You may have seen the term APR, or annual percentage rate while shopping for auto loans, mortgages, or credit cards.
When it comes to credit cards, the APR is the interest rate a bank charges when a balance is carried on a credit card. Though APR is expressed as an annual rate, banks use APR to calculate interest charged on a month to month.
In reading this, you would get to understand what a good interest rate on a credit card is, how to get a good APR for your credit card, how to qualify for a good APR on your credit card, amongst others.
Table of Contents Hide
- What is a Good APR for a Credit Card?
- How to Get a Good APR for Credit Card?
- How to Compare Good APR for Credit Cards
- How to Qualify for a Good Credit Card APR
- How to Lower your Credit Card’s APR?
- How Your APR for a Credit Card is Determined?
- Types of Credit Card APR
- Frequently Asked Questions
Check Out: What is a Good APR on a Credit Card?
What is a Good APR for a Credit Card?
A good APR for a credit card is your card’s finance charge expressed annually. This number is typically the biggest deciding factor in how much it will cost you to carry a balance on your credit card, making it important to know and understand how a good APR on your credit card works and why you need it.
When your credit card is anything below 14%, it means you have a good APR on your credit card, which automatically goes to show you have good credit.
If you have excellent credit, you could qualify for an even better rate, like 10%. If you have bad credit, though, the best credit card APR available to you could be above 20%.
A good APR for your credit card APR depends on several factors, including your credit score and the type of credit card. The average credit card interest rate for cardholders carrying a balance is 16.61%, according to a recent study on waiving credit card interest.
But that isn’t necessarily a good APR for a credit card, especially considering that the Federal Reserve interest rate is at historic lows.
While it’s easy to say that you should always look for credit cards that offer APRs at or below the national average, a good purchase APR for you really depends on your credit score.
People with below-average credit scores will likely be offered higher interest rates than people with good or excellent credit.
This means that a good credit card interest rate for a person with fair credit is different from a good interest rate for a person with excellent credit.
How to Get a Good APR for Credit Card?
Getting a good APR for your credit card entails getting a card with low interest rate. There are many ways to get a card with a low interest rate.
If you’re currently paying off debt or plan to carry a balance, lowering your interest rate is one of the most effective ways to save money.
Whether it’s working with your current issuer or opening a new credit card, you have a number of options.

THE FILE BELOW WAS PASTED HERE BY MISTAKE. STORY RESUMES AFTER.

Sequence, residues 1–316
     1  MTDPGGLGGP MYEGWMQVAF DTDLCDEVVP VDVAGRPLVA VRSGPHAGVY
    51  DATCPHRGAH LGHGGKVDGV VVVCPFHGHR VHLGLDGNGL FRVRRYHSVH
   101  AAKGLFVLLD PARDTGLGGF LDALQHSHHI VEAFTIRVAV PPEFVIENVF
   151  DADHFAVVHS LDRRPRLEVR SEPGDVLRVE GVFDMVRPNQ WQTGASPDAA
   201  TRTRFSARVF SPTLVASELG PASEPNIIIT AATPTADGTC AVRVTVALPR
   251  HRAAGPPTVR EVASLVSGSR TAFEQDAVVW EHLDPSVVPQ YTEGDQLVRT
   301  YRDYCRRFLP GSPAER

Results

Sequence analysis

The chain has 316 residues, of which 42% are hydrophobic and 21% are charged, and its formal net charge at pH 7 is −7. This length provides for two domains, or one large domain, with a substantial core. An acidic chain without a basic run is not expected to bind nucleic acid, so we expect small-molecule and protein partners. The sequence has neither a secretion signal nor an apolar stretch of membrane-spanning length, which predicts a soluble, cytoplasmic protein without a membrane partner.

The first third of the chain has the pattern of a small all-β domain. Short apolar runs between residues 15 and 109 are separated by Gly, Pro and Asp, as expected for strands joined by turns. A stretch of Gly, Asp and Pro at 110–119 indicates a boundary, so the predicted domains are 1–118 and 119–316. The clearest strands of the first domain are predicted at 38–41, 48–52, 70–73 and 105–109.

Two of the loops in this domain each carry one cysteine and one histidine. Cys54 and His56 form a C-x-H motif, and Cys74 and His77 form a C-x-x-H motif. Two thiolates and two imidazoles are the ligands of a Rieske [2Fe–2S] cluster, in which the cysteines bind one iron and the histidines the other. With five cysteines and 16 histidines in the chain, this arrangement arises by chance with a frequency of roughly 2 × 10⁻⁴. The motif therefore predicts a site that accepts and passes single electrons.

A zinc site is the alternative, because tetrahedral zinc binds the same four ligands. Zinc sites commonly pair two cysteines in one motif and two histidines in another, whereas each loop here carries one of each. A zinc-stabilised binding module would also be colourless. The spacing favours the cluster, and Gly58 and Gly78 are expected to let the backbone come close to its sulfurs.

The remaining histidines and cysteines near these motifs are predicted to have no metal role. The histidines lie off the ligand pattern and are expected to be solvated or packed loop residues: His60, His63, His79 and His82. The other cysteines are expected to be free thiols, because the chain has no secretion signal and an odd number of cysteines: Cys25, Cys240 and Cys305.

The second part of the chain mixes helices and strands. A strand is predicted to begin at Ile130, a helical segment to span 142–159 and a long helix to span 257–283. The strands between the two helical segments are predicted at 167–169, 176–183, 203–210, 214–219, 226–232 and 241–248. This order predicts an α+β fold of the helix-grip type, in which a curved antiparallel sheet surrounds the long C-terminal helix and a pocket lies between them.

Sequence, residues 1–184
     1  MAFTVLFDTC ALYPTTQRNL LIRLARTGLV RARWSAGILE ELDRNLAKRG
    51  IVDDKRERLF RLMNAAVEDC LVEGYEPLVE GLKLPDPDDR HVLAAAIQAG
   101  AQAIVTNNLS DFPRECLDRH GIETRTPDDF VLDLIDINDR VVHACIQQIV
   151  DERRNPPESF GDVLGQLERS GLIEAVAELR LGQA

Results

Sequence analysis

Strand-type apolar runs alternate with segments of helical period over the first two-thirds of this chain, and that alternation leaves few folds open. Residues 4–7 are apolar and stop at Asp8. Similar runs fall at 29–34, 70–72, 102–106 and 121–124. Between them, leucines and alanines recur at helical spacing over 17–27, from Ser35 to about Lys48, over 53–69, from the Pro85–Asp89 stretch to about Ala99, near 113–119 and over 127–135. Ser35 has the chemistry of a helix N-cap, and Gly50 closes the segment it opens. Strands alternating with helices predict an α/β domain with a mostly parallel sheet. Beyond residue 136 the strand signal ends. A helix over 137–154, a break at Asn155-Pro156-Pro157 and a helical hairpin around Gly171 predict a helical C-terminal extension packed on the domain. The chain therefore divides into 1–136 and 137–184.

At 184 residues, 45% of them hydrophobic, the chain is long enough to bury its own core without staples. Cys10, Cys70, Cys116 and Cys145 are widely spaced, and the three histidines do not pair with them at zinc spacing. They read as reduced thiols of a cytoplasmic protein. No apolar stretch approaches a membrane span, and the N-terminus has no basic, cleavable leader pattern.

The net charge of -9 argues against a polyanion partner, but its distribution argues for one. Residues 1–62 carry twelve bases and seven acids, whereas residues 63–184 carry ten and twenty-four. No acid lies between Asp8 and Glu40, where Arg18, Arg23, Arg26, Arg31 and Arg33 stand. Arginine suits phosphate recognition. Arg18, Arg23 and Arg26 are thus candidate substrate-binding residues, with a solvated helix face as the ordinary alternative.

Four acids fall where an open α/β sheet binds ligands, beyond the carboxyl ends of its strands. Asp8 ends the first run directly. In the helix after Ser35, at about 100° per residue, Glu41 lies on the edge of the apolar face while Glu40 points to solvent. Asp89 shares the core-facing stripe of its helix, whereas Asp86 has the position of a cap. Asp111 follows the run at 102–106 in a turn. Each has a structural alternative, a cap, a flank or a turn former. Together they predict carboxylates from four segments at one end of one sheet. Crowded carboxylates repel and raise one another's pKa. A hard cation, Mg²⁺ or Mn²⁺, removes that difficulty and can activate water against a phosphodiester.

Here are some steps you can take to get approved for a low-interest credit card:
Negotiate with your Bank:
Almost everything is negotiable, including your credit card APR. If you’ve
demonstrated that you can pay your bills on time, call your bank and ask if you qualify for a lower interest rate.
This is especially effective if your credit score has gone up since you originally joined. Be sure to mention your good credit score and history of on-time payments.
Apply for a low-interest credit card:
If calling your bank doesn’t work, shop around for a different credit card. There are plenty of great low-interest credit cards out there.
These are good to have on hand if you ever have to carry a balance. Just make sure you qualify before you apply.
Get a 0% intro APR credit card:
If you already have credit card debt and are paying a high interest rate on it (think 14% or more), consider a balance transfer credit card.
These credit cards offer a 0% intro APR on balance transfers for a limited period of time, allowing you to pay off your debt interest-free. Keep in mind that most of these cards do charge a balance transfer fee.
Also, if you don’t pay off your balance before the promotional period ends, you might end up with a higher credit card APR than you had before.
Join a Credit Union:
Sometimes credit unions offer interest rates even lower than those that come with low-interest credit cards from major banks.
That’s because credit unions are not-for-profit organizations that pass off their profits to members in the form of low fees and better interest rates on savings accounts and credit cards.
You do have to qualify to be a member, but often, joining a credit union is as simple as paying a small annual fee or living in a certain area.
Don’t Carry a Balance:
The best solution to avoid paying high interest fees is to avoid carrying a balance at all. Paying off your credit card bill in full every month will ensure that you don’t waste a cent on interest fees.
A credit card’s APR, or annual percentage rate, quantifies the cost of taking out credit.
In other words, if you carry a balance beyond your credit card’s grace period, your APR will determine the amount of interest the card issuer can charge on that balance.
Currently, the average credit card APR is above 16 percent.
How to Compare Good APR for Credit Cards
When you’re comparing credit cards, there are a lot of things that should be taken into consideration like the card’s APR range.
For instance, when comparing between Blue Cash Preferred card and the Chase Sapphire Preferred Card, you should be able to note that the lowest APR you can get with the Chase Sapphire Preferred is around the national average APR of 16 percent but it’s two percentage points higher than the lowest APR you can get with the Blue Cash Preferred.
You should also want to check whether the credit card comes with an introductory APR on purchases and/or balance transfers.
The Blue Cash Preferred Card, for example, comes with 12 months of 0 percent intro APR on purchases (then 13.99 percent to 23.99 percent variable APR) but not balance transfers. The Chase Sapphire Preferred, on the other hand, doesn’t have any 0 percent intro APR offers.